Professor James Moriarty (Jared Harris) is referenced in the first film as a shadowy background threat pulling all the strings, but the secret criminal mastermind comes to the forefront for the sequel. Harris performs the role splendidly, giving Moriarty both the outward pleasantness and unmistakable menacing threat that make him so covertly dangerous: an upstanding community leader who also happens to be the secret boss behind London’s criminal underground — not to mention Sherlock’s equal in intelligence and cunning. Throughout his tales, Sherlock often muses that in a different life he would have made an excellent criminal — Moriarty is the realization of that concept.
The sequel finds a retired and newlywed Watson dragged back into Holmes’ schemes when he and his wife are targeted for assassination on their honeymoon. The reunited detectives trek across Europe to prevent a world war catalyzed by the efforts of Moriarty. The professor has devoted his efforts to the manufacture of artillery, and having created the supply, now seeks to ignite the demand by tricking the nations of Europe into attacking each other. Joining them are new allies: the mysterious Simza Heron (Noomi Rapace), who has inside knowledge critical to their mission, and Sherlock’s lazy but brilliant older brother Mycroft (Stephen Fry), who dislikes detective work despite his natural talent for it.
Without the supernatural bent of the prior film, A Game of Shadows plays more straightforwardly as a straight-up spectacle of action, espionage, and intrigue, and faithfully adapts to the screen much of what makes The Final Problem one of the best Holmes tales — including its surprising finale.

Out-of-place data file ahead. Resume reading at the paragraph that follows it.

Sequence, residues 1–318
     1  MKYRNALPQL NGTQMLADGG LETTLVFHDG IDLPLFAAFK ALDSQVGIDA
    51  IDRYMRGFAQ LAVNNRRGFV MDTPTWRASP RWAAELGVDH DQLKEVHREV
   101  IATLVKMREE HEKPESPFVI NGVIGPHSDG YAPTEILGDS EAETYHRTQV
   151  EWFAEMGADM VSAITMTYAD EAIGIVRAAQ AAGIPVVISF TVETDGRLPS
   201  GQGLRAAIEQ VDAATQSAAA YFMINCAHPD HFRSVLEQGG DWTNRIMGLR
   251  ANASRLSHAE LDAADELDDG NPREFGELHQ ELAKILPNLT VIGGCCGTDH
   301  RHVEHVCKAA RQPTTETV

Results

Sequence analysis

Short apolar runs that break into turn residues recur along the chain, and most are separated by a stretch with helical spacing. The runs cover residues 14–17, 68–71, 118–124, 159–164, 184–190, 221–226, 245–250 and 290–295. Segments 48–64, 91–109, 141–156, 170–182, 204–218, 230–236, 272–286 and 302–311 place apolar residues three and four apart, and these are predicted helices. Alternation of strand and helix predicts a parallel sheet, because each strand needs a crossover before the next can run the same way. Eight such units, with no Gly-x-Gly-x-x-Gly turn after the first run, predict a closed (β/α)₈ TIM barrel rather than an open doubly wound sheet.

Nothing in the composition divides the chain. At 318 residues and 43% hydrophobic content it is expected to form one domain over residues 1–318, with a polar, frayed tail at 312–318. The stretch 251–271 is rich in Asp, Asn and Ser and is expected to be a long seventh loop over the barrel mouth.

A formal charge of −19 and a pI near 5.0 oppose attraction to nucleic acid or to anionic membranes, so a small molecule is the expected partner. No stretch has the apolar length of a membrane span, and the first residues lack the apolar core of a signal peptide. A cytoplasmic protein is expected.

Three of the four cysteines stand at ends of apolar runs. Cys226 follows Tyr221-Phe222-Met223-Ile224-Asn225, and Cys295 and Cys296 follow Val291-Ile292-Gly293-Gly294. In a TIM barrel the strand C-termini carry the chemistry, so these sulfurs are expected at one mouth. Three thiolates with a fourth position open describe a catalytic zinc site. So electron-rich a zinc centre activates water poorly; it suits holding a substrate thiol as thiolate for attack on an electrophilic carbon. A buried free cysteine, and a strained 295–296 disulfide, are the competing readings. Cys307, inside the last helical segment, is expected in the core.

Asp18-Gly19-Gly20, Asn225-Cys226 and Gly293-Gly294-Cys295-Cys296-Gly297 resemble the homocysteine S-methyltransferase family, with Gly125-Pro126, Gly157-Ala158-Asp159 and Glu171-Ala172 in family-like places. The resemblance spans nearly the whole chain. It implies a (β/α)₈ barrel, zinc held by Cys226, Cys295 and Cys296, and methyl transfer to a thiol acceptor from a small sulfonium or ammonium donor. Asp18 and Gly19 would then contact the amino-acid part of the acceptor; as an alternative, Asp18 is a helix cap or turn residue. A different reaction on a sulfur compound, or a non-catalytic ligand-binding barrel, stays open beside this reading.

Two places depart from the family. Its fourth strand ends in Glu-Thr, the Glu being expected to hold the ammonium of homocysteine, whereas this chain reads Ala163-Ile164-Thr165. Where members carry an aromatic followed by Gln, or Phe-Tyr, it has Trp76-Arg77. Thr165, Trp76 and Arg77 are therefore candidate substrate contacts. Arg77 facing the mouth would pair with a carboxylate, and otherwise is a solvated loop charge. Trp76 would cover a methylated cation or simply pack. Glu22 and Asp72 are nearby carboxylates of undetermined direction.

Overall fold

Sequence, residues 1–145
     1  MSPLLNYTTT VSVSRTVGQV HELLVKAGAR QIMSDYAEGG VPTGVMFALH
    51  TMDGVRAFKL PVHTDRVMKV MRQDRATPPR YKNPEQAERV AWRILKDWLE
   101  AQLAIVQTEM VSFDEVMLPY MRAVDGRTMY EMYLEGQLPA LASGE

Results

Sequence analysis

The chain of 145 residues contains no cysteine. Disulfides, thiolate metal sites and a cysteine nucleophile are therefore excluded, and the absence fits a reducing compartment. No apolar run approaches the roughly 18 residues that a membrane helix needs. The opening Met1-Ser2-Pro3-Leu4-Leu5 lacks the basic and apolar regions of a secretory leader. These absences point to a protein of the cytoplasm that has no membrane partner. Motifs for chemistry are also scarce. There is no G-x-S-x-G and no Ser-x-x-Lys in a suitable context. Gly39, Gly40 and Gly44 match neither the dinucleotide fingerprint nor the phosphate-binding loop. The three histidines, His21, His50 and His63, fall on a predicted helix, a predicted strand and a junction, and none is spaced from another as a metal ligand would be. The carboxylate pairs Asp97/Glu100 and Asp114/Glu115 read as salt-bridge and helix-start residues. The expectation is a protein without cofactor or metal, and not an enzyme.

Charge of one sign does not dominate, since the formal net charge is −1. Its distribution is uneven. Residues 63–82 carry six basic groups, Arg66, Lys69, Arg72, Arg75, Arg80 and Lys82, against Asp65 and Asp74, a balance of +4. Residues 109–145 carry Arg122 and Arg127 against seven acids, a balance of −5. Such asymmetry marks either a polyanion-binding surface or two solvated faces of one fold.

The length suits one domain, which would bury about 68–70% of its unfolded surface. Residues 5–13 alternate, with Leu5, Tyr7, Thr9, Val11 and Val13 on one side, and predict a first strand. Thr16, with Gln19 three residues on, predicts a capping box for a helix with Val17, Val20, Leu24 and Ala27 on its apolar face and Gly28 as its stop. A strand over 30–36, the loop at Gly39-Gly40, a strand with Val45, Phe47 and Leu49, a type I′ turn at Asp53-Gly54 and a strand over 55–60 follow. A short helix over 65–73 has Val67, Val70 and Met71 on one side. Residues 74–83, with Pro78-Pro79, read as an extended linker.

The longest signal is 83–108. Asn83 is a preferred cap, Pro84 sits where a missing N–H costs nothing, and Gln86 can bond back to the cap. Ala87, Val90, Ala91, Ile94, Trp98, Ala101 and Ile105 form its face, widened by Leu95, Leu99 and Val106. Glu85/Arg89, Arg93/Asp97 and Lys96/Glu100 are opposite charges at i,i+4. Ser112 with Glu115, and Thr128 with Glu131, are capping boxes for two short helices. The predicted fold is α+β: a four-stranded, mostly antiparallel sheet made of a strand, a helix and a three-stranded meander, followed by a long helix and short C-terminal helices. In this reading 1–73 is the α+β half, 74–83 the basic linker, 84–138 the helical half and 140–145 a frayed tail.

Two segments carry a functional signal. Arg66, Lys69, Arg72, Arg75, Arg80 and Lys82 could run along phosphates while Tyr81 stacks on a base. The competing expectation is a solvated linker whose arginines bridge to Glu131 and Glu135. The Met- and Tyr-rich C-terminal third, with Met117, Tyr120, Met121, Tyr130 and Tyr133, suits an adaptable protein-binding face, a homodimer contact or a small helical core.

Both films arrive on 4K Ultra HD Blu-ray in new combo packs which include Blu-ray discs and digital Movies Anywhere code. My copies came with metallic slipcovers.
The films look spectacular in these new editions, though in fairness they’ve always looked pretty stunning on Blu-ray as well. Of particular note are the “Holmesavision” sequences — crisply detailed, stylized slow-motion sequences which are a series trademark, seen whenever Holmes strategically maps out his physical attacks several moves in advance, or in action sequences such as a giant cannon firing massively powerful artillery through a forest, disintegrating trees left and right.
Visually, the films often employ desaturated or specifically tuned color palettes designed to suggest a vintage appearance or the drabness of London, so HDR is less of a factor here than on more colorful films. But being what they are by design, the colors are represented accurately.
The 4K discs are movie only, while the Blu-rays are identical in content to prior versions, retaining the full set of Special Features (and outdated ads).
Special Features and Extras — Sherlock Holmes (on Blu-ray disc)
- Maximum Movie Mode
- Focus Points (31:17)
Drawbridges and Doilies: Designing a Late Victorian London (5:00)
Not A Deerstalker Cap in Sight (4:15)
Ba-ritsu: A Tutorial (3:58)
Elementary English: Perfecting Sherlock’s Accent (4:04)
The One That Got Away (3:44)
Powers of Observation and Deduction (4:01)
The Sherlockians (3:03)
Future Past (3:08)
- Sherlock Holmes: Reinvented (14:06)
Special Features and Extras — A Game of Shadows (on Blu-ray disc)
- Maximum Movie Mode: Inside the Mind of Sherlock Holmes with Robert Downey Jr
- Focus Points
Holmesavision on Steroids (4:02)
Moriarty’s Master Plan Unleashed (7:09)
Sherlock Holmes and Dr. Watson : A Perfect Chemistry (5:18)
Meet Mycroft Holmes (5:30)
Sherlock Holmes: Under the Gypsy Spell (4:02)
Guy Ritchie’s Well-Oiled Machine (3:04)
Holmes Without Borders (5:51)
- Movie App (mobile app required)
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All 16:9 screen images in this review are for illustrative purposes only and not representative of 4K or Blu-ray editions. All package photography was taken by the reviewer.